|An excerpt from Chapter 9 - Network Infrastructure in "Hacking for Dummies, 2nd edition" written by Kevin Beaver and published by Wiley Publishing.|
As part of your ethical hacking, you can test your firewall rules to make sure they're working like they're supposed to. A few tests can verify that your firewall actually does what it says it's doing. You can connect through it on the ports you believe are open, but what about all the other ports that can be open and shouldn't be?
Some security-assessment tools can not only test for open ports, but also determine whether traffic is actually allowed to pass through the firewall.
All-in-one tools aren't perfect, but their broad testing capabilities make the network scanning process a lot less painful and can save you tons of time! Their reporting is really nice, too, especially if you will show your test results to upper management.
Nessus, QualysGuard, and GFI LANguard Network Security Scanner provide similar results. Figure 9-11 shows partial output from LANguard. It identifies open ports on the test network and presents information on SNMP, operating system information, and special alerts to look for.
Information gathered from a network scan using LANguard Network Security Scanner.
You can use LANguard Network Security Scanner and QualysGuard to find operating system vulnerabilities and patches that need to be applied. Pretty slick! I'll show you more on this in Chapter 11 when I talk about hacking Windows.
Netcat can test certain firewall rules without having to test a production system directly. For example, you can check whether the firewall allows port 23 (telnet) through. Follow these steps to see whether a connection can be made through port 23:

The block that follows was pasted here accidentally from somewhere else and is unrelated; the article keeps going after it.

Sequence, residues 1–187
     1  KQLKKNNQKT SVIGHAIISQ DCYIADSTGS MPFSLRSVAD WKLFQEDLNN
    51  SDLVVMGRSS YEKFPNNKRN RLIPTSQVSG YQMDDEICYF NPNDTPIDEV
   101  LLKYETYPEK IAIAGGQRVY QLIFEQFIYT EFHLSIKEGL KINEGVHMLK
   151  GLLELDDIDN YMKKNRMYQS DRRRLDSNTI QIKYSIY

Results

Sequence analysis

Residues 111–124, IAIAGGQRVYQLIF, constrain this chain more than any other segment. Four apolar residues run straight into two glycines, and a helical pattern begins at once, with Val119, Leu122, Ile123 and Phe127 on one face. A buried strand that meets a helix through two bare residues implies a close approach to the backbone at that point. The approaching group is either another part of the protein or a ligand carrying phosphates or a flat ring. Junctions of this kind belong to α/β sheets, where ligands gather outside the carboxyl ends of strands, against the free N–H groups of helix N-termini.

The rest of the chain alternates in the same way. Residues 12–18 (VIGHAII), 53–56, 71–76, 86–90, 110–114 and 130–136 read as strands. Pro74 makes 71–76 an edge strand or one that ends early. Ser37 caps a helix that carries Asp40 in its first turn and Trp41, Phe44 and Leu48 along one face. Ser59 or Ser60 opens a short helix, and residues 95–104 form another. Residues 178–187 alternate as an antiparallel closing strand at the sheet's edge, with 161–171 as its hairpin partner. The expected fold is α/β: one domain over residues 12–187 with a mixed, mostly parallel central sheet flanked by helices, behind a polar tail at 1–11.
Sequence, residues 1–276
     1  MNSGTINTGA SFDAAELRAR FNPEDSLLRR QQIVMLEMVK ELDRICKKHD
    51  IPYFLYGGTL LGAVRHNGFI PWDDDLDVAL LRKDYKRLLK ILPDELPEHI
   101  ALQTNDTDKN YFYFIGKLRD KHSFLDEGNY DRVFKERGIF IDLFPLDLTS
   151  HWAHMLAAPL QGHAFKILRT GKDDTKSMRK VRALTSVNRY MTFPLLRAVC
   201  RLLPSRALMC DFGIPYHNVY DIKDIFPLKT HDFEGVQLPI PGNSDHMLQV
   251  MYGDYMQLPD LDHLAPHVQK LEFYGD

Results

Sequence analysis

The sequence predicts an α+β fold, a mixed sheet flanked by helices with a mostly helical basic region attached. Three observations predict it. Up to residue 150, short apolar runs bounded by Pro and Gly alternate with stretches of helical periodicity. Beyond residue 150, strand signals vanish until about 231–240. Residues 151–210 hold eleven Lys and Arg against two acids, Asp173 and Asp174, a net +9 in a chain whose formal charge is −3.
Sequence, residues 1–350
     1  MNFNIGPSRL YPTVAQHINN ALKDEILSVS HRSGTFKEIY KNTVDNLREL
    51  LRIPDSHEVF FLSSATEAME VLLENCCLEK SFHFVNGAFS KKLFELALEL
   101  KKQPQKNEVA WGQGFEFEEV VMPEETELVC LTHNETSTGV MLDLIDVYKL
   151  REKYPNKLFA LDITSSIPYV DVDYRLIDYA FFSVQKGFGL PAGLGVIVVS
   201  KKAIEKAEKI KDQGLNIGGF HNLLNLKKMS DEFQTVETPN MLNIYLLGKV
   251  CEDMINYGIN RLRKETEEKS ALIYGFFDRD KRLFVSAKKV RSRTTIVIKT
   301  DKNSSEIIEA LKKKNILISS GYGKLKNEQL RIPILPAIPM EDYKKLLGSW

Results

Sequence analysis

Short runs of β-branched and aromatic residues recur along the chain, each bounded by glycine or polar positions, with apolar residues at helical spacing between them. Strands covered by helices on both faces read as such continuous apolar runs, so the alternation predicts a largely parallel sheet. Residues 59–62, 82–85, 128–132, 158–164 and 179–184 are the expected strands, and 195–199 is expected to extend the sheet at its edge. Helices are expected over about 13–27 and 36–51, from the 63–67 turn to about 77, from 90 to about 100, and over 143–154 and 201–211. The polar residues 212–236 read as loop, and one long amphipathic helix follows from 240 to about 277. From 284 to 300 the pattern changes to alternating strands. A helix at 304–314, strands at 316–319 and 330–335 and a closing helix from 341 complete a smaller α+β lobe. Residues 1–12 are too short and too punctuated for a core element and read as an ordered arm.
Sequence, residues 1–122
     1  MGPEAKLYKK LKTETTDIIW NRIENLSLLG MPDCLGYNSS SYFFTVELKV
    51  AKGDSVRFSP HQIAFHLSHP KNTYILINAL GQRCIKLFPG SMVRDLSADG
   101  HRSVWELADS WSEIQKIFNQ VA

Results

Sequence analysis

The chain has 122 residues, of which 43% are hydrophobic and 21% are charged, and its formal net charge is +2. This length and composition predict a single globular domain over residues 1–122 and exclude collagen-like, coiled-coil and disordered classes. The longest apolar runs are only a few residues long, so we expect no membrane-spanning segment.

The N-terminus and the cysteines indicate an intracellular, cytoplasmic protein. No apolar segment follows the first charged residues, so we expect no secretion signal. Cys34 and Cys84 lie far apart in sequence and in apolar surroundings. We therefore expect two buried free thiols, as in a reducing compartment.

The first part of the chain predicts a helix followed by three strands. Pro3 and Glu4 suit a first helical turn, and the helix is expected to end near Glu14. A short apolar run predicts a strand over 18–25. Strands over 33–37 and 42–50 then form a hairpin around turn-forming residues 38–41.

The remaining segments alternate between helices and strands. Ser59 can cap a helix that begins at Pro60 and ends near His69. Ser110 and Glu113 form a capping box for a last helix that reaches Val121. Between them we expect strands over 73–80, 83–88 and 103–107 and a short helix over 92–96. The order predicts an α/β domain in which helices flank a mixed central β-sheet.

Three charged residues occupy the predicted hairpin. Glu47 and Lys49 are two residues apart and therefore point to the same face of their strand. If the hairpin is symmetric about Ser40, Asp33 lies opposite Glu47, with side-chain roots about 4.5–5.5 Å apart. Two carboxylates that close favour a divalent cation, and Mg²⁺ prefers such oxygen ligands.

- Load Netcat on a client machine inside the network.
This allows you to test from the inside out.
- Load Netcat on a testing computer outside the firewall.
This allows you to test from the outside in.
- Enter the Netcat listener command on the client (internal) machine with the port number
For example, if you're testing port 23, enter this command:
nc –l –p 23 cmd.exe
- Enter the Netcat command to initiate an inbound session on the testing (external) machine. You
must include the following information:
- The IP address of the internal machine you're testing
- The port number you're testing
For example, if the IP address of the internal (client) machine is 10.11.12.2 and the port is 23, enter this command:
nc –v 10.11.12.2 23
If Netcat presents you with a new command prompt (that's what the cmd.exe is for in Step 3) on the external machine, it means that you connected and are now executing commands on the internal machine! This can serve several purposes, including testing firewall rules and — well, uhhhmmm -- executing commands on a remote system!
@38614 A neat commercial tool that specializes in evaluating the performance of packet filtering devices, such as firewalls, is Traffic IQ Pro by Karalon (www.karalon.com). With this tool, shown in Figure 9-12, you can connect one NIC on your testing machine to your firewall's internal segment and a second NIC to your firewall's external segment or DMZ and generate generic and/or malicious traffic see if your firewall is doing what it says it's doing. Such a test is great for those annual firewall "rulebase audits" mandated in many organizations.
An alternative firewall rulebase testing tool for the UNIX platform is Firewalk (www.packetfactory.net/firewalk).
Countermeasures against firewall attacks
The following countermeasures can prevent a hacker from testing your firewall:
- Limit traffic to what's needed.
Set rules on your firewall (and router, if needed) to pass only traffic that absolutely must pass. For example, have rules in place that allow HTTP inbound to an internal Web server and outbound for external Web access. This is the best defense against someone poking at your firewall.
- Block ICMP to help prevent abuse from some automated tools, such as Firewalk.
- Enable stateful packet inspection on the firewall, if you can. It can block unsolicited requests.
Traffic IQ Pro for generating packets and analyzing a firewall's capabilities.
This was first published in June 2007